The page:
Disorderly house

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Photograph used in evidence for a prosecution for "keeping a disorderly house" in a flat in London's Fitzroy Square, in 1926

In English criminal law a disorderly house is a house in which the conduct of its inhabitants is such as to become a public nuisance, or outrages public decency, or tends to corrupt or deprave, or injures the public interest; or a house where persons congregate to the probable disturbance of the public peace or other commission of crime. To persistently or habitually keep a disorderly house is an offence against the common law, punishable by fine or imprisonment.[1]

The usual charge for keeping a brothel where prostitution can be proven, for instance, is under section 33A of the Sexual Offences Act 1956, "Keeping a Brothel for Prostitution", and the penalty is up to six months if proceeding summarily or seven years if by indictment. (The definition of a brothel in English law has been held to be "a place where people of opposite sexes are allowed to resort for illicit intercourse, whether…common prostitutes or not"[2] and thus prostitution need not form part of the picture; a soapland is, in the eyes of the law of England, a brothel without prostitution.) Brothel-keeping can, however, also be charged as "Keeping a Disorderly House" (contrary to the common law rather than any written statute), and is then punishable by an unlimited fine, and unlimited imprisonment.

The "operator" of a crack palace or opium den can also be charged with keeping a disorderly house, as can the owner/operator of an illegal gambling establishment, as well as the owner of a speakeasy, "blind tiger", or "boozecan" (illegal bar or pub). Modern vice laws, regulating such things as drinking, gambling, dancing, and drugs, have resulted in calls for the offence of keeping a disorderly house to be abolished.[citation needed]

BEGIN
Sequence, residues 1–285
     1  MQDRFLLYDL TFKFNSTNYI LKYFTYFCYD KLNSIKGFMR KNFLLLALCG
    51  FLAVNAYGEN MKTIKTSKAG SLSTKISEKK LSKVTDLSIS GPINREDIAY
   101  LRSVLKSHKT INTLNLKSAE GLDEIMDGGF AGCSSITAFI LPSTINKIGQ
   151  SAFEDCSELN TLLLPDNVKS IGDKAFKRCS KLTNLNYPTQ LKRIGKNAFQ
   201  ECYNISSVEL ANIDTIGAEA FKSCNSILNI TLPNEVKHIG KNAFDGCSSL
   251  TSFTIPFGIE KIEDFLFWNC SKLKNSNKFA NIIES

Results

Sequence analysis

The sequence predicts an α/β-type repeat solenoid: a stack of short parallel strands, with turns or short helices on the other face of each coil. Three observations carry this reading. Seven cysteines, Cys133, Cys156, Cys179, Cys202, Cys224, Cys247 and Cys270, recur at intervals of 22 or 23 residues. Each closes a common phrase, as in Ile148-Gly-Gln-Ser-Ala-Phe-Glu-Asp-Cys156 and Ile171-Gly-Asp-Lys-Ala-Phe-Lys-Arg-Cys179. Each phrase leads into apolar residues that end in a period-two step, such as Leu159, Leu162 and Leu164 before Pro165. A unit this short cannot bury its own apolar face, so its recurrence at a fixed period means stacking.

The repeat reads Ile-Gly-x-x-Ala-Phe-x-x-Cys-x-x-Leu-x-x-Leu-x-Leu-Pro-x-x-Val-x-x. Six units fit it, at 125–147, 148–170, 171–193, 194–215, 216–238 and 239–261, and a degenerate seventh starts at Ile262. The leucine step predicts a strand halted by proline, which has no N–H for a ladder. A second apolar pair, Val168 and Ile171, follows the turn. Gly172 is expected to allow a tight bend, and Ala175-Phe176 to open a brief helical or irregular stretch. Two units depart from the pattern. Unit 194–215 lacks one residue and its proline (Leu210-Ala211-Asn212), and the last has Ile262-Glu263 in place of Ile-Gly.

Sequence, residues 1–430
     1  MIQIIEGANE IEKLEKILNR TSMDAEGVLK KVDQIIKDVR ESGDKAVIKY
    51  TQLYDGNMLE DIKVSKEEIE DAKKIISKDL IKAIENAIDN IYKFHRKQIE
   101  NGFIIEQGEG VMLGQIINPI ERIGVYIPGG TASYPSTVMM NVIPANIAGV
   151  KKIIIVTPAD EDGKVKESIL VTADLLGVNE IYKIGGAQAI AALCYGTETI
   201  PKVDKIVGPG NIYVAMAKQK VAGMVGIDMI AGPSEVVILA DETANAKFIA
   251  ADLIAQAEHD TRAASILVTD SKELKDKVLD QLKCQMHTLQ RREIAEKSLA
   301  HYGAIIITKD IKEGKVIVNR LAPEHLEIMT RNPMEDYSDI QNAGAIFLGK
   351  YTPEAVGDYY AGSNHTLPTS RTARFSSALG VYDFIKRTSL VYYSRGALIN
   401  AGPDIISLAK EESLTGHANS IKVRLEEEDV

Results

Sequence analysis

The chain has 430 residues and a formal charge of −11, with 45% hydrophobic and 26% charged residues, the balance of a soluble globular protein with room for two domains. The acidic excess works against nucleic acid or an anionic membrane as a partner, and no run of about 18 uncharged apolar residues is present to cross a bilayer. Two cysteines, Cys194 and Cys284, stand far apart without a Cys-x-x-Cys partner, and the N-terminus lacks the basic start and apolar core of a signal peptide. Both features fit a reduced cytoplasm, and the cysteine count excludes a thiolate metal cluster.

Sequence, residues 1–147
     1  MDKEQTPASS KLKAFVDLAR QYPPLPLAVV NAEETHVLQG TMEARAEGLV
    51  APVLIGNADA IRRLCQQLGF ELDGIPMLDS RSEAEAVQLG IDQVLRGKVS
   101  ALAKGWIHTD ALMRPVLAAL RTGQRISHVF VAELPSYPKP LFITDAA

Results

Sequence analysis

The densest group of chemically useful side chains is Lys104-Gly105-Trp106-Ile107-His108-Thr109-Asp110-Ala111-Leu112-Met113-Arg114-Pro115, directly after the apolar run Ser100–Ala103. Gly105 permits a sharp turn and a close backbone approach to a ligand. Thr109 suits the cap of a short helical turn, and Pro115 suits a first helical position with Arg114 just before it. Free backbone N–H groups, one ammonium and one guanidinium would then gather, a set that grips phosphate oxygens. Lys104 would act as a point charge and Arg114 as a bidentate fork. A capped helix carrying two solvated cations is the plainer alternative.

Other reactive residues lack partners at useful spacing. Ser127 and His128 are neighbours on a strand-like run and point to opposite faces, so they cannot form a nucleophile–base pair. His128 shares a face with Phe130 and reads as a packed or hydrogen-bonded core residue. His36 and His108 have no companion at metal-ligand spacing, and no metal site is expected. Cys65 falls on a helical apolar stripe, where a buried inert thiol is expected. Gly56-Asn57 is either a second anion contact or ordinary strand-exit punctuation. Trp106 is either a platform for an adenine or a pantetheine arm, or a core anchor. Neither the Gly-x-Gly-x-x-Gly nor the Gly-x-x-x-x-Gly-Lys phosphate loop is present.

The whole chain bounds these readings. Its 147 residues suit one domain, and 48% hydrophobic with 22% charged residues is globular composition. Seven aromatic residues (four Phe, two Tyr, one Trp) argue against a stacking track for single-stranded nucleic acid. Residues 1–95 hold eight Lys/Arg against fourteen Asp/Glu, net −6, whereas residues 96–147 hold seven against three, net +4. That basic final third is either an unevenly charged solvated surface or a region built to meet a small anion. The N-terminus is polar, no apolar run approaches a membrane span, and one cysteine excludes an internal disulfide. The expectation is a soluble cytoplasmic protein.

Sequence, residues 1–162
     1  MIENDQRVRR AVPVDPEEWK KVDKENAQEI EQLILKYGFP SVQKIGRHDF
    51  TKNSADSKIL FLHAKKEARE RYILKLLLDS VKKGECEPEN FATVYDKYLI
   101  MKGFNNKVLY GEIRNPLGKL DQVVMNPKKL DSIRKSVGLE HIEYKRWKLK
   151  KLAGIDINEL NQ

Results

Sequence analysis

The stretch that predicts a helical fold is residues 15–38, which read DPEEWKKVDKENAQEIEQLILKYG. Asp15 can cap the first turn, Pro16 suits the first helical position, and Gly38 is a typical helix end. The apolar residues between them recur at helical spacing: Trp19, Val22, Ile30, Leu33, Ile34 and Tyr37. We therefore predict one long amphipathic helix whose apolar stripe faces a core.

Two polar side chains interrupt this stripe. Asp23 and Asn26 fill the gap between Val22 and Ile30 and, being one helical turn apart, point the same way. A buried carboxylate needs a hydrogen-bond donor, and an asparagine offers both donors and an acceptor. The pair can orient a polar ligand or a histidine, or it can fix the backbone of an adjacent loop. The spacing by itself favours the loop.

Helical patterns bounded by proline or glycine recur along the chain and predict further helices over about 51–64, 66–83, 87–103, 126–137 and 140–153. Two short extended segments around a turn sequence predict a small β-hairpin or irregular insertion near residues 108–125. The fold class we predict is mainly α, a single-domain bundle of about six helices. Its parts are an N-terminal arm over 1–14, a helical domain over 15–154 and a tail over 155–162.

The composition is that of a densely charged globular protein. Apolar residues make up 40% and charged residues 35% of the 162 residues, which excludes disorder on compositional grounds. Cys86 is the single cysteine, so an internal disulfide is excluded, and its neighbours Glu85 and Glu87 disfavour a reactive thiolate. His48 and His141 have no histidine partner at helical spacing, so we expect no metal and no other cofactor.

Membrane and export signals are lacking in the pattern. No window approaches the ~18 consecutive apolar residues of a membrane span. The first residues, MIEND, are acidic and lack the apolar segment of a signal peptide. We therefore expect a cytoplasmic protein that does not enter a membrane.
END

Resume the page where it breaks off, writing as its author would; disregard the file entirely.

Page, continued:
As brothel-keeping is one of the most common causes for the charge of keeping a disorderly house, "disorderly house" has become something of a euphemism for brothel in the English legal community; brothel or "disorderly house"-related statutory offences can be found under sections 33 to 36 of the Sexual Offences Act 1956.[3] These are, however, not to be confused with the common-law offence of Keeping A Disorderly House.


There were formerly statutory provisions relating to disorderly houses under:

Both acts have been repealed in the UK.

See also[edit]


  1. ^ "Disorderly House" . Encyclopædia Britannica. 8 (11th ed.). 1911. p. 313.
  2. ^ Winter v Woolfe [1931] KB 549.
  3. ^ "Sexual Offences Act 1956". www.legislation.gov.uk. Retrieved 2016-11-30.
  4. ^ Disorderly Houses Act 1751
  5. ^ Sunday Observance Act 1780

Further reading[edit]